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Michael Theis
6 months ago

I use a clothes organizer that hangs from the pole, similar to the one Gail recommended. However the bottom of the unit hung about 1.5″ above the floor of the closet. When traveling, it would rock and roll and when I would open the closet door, socks and underwear had slid out of the compartments and ended up on the floor. I tried to limit the movement of the unit using Velcro strips but that did not work. What did work was screwing a scrap piece of 2 x 4 to the floor of the closet and then running a couple of screws (with washers) through the bottom of the organizer, into the 2 x 4. That solved the problem.

Eileen Brown
6 months ago

Gail, would you consider adding photos of your RV closet, along with the text? I would find it very helpful…much more than a stock photo of a clearly residential closet.

Donald N Wright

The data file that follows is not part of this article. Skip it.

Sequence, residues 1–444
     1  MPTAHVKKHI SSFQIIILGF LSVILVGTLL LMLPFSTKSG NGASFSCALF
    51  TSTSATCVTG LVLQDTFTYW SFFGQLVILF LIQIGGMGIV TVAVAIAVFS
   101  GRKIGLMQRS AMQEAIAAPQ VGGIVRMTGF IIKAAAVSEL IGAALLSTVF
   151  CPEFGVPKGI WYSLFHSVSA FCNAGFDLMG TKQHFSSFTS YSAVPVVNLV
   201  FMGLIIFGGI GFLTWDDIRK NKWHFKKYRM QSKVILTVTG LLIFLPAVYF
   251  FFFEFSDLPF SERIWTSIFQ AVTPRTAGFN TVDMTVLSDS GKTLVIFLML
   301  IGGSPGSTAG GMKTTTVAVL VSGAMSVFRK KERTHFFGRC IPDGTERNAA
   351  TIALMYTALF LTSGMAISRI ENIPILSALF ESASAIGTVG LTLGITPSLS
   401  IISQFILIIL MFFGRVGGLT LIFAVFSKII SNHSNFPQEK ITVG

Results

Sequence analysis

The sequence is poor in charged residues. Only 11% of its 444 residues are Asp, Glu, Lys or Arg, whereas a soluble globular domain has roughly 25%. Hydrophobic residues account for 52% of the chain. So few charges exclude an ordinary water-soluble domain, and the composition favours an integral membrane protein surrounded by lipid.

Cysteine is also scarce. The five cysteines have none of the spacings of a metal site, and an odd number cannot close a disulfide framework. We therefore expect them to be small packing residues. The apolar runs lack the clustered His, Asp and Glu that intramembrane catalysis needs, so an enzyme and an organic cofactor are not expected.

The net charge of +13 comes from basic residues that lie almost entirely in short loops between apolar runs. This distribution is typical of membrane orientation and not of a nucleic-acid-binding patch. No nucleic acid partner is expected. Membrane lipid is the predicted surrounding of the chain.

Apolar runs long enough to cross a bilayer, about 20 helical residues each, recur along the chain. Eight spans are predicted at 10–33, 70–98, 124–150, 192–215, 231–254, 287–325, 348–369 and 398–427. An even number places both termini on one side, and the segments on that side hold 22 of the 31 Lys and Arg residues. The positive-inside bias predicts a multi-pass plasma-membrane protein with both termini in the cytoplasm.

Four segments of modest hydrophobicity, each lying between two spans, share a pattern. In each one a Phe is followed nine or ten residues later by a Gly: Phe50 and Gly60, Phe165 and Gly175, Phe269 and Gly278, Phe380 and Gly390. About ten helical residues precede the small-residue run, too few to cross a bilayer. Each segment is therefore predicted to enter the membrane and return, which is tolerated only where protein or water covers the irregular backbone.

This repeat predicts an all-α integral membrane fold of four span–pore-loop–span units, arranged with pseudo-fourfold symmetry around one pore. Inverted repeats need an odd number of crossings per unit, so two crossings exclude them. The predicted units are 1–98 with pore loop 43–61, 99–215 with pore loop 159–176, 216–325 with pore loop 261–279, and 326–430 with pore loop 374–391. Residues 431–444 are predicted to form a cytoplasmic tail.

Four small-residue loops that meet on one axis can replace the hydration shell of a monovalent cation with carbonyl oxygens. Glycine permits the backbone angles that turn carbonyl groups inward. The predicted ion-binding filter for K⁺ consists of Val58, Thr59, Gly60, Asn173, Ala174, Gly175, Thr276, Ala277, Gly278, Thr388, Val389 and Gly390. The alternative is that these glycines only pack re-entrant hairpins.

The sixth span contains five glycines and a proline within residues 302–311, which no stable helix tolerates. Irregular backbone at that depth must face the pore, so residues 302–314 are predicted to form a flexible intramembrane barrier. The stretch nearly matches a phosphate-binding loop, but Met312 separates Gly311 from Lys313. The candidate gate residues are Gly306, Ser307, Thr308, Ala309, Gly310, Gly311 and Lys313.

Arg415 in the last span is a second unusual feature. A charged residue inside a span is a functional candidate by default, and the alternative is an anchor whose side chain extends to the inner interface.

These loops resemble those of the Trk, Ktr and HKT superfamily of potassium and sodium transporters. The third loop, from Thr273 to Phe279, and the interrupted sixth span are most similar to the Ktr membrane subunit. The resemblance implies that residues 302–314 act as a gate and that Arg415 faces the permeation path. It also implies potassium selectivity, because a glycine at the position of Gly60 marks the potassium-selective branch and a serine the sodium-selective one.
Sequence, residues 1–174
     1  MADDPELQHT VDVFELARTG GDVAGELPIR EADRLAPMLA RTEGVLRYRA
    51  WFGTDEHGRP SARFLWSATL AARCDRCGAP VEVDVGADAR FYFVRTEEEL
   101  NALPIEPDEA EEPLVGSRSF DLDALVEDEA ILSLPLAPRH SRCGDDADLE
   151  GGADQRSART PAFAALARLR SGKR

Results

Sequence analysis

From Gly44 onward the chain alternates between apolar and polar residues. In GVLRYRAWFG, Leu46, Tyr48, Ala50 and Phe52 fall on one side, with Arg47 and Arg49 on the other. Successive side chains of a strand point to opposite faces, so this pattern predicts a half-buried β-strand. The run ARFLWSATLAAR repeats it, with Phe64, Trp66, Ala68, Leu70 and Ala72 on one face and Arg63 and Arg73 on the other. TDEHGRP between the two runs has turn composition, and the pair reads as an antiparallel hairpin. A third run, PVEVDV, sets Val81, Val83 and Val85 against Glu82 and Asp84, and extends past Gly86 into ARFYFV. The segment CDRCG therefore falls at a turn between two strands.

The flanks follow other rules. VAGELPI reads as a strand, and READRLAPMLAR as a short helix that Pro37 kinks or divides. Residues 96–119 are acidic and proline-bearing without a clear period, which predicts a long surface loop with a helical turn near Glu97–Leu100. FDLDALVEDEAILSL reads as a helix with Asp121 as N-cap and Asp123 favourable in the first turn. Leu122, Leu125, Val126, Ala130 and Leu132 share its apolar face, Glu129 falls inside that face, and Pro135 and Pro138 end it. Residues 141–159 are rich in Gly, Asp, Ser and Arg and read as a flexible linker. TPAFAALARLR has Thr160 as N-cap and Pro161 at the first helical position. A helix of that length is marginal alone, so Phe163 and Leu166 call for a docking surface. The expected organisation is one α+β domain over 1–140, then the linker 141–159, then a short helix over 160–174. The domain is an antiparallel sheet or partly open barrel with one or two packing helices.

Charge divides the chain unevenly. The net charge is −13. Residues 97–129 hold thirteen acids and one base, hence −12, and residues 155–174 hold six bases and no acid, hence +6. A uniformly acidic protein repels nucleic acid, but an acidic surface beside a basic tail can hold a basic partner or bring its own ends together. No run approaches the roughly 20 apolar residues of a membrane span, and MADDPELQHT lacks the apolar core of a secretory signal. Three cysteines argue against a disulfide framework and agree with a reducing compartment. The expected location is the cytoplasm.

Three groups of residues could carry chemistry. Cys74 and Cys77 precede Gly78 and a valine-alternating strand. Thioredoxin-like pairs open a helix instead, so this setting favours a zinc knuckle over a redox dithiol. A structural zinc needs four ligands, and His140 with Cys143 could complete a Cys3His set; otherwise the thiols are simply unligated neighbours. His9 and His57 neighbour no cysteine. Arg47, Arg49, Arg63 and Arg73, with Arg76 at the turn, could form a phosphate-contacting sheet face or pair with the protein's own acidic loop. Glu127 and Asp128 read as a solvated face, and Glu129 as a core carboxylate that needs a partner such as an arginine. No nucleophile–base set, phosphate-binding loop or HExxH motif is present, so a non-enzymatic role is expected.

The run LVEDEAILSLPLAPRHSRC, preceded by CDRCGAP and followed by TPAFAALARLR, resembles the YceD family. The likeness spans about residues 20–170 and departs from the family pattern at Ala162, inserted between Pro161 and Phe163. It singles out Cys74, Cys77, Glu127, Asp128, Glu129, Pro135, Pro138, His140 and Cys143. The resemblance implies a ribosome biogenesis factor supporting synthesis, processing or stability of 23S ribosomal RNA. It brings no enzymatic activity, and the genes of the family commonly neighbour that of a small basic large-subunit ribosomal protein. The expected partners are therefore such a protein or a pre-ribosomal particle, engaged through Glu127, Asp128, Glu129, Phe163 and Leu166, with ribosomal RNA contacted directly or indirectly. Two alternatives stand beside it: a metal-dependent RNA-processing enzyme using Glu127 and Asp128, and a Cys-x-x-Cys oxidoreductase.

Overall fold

6 months ago

Perhaps if the closet doors were not solid, but more of a screen to moderate temperature and air flow?

Roger B
6 months ago

We removed the sliding mirror doors and hung curtains to help with air flow.

Bruce Byrd
6 months ago

Trick I learned from days of motorcycle traveling and packing in saddlebags is with TShirts and pants is rolling them instead of flat folds. I traveled a lot with work and got to be a contest to see how much I could get in a small carry on suitcase with air travel. Be surprised how well this helps.

PDN
6 months ago
Reply to  Bruce Byrd

My wife learned the rolled clothes tip when our son’s were in scouts.

Steve
6 months ago

Since most closets and cupboards are built against the existing outer walls, how can they be any worse at retaining or passing hot or cool temps than the whole unit. Insulating a closet will only eliminate a very small area of the temperature exchange. You need to insulate all the outer walls to do much good. I guess every little bit helps.

Tom
6 months ago
Reply to  Steve

I think that you don’t notice it as much in the rest of the RV. The heat gain (or loss) within the closet area is contained in that area when the door is kept closed. Once the closet door is opened, it becomes apparent how much of a heat/cool differential there actually is. While insulating this very small area, in relation to the entire interior wall surface in the RV, could block heat/cold from the outside, it may not really be worth the effort, overall.